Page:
The breeding of cattle has always been considered as an important part of agriculture. The riches of Abraham, Laban, and Job, consisted in their flocks and herds. We also find from Latinus in Virgil, and Ulysses in Homer, that the wealth of those princes consisted in cattle. It was, likewise, the same among the Romans, till the introduction of money, which put a value upon commodities, and established a new kind of barter. Varro has not disdained to give an extensive account of all the beasts that are of any use to the country, either for tillage, breed, carriage, or other conveniencies of man. And Cato, the censor, was of opinion, that the feeding of cattle was the most certain and speedy method of enriching a country.

Luxury, avarice, injustice, violence, and ambition, take up their ordinary residence in populous cities; while the hard and laborious life of the husbandman will not admit of these vices. The honest farmer lives in a wise and happy state, which inclines him to justice, temperance, sobriety, sincerity, and every virtue that can dignify human nature. This gave room for the poets to feign, that Astræa, the goddess of justice, had her last residence among husbandmen, before she quitted the earth. Hesiod and Virgil have brought the assistance of the Muses in praise of agriculture. Kings, generals, and philosophers, have not thought it unworthy their birth, rank, and genius, to leave precepts to posterity upon the utility of the husbandman's profession. Hiero, Attalus, and Archelaus, kings of Syracuse, Pergamus, and Cappadocia, have composed books for supporting and augmenting the fertility of their different countries. The Carthaginian general, Mago, wrote twenty-eight volumes upon this subject; and Cato, the censor, followed his example. Nor have Plato, Xenophon, and Aristotle, omitted this article, which makes an essential part of their politicks. And Cicero, speaking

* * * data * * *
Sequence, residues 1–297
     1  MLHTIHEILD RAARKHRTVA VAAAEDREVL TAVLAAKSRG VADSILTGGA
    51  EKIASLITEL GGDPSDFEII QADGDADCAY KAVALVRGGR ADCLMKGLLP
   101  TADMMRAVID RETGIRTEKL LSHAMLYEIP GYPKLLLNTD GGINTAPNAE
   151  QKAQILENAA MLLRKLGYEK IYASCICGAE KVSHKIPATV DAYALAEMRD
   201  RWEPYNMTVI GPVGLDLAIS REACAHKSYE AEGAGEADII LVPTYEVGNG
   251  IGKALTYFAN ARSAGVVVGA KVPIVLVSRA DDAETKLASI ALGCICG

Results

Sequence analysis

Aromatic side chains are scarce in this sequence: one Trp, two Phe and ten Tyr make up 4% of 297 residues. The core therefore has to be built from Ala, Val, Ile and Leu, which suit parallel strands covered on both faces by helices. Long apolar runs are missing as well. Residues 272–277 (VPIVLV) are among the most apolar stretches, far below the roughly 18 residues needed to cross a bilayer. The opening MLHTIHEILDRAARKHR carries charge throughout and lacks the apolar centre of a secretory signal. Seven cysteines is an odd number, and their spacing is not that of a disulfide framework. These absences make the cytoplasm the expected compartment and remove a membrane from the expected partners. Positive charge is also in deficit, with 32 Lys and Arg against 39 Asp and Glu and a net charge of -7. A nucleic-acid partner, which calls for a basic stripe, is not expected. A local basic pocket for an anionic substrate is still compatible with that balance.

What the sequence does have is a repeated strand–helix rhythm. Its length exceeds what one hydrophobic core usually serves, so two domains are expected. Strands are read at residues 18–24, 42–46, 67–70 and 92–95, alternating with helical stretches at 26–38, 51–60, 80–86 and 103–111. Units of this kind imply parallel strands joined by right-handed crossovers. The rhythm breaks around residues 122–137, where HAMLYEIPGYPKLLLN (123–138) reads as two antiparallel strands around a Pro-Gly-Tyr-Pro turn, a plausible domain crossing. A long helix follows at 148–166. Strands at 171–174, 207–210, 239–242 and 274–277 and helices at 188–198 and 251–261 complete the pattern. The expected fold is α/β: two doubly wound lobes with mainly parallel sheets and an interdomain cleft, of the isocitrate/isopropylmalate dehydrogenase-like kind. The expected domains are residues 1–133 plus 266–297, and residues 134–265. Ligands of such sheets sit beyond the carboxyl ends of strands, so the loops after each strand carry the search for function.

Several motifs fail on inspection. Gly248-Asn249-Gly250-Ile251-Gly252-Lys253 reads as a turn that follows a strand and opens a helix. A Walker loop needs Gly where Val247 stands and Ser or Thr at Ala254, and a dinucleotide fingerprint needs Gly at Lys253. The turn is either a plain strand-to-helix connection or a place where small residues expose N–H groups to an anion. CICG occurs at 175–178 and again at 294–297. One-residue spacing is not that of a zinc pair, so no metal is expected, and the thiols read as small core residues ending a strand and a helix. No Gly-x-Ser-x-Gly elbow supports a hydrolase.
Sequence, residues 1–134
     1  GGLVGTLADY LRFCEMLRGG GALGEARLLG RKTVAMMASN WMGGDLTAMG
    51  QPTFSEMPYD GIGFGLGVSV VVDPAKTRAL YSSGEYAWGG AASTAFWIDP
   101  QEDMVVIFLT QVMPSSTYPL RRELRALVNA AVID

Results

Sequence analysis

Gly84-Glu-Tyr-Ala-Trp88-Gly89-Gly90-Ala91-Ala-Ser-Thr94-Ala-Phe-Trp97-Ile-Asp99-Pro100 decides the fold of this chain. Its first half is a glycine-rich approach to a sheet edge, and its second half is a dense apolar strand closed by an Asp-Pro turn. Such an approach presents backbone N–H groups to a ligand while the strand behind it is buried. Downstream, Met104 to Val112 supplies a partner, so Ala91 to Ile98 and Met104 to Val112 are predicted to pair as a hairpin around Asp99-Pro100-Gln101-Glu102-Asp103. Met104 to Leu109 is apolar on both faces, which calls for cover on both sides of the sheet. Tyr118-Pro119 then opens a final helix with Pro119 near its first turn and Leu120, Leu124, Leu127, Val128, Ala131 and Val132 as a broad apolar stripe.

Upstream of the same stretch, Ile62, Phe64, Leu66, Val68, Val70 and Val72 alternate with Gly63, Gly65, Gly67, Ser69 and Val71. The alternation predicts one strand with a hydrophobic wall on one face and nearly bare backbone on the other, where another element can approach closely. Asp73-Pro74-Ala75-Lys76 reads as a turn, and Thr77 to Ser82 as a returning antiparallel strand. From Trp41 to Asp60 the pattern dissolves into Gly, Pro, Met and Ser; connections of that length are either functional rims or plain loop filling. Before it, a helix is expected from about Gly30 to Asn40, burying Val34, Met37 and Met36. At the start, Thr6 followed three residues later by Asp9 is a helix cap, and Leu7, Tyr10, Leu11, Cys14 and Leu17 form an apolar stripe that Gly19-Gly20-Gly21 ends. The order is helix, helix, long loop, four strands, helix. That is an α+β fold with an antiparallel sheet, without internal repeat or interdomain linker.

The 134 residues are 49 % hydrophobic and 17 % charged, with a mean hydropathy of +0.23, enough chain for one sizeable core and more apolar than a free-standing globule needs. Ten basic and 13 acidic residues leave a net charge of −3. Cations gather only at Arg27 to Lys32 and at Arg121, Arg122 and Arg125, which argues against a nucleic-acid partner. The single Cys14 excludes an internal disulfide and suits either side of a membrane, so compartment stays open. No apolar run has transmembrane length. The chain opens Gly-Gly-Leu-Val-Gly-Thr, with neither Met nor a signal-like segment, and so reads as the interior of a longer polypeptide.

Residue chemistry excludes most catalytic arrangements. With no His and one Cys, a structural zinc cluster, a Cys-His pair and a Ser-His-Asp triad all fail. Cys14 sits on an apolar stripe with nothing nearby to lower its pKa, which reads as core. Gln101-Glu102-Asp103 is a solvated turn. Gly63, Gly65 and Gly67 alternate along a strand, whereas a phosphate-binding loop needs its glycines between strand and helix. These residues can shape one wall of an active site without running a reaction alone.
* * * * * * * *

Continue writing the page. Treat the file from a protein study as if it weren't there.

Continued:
of the writings of Xenophon, says, “ How fully and excellently does he, in that book called his Economicks, set out the advantages of husbandry, and a country life !"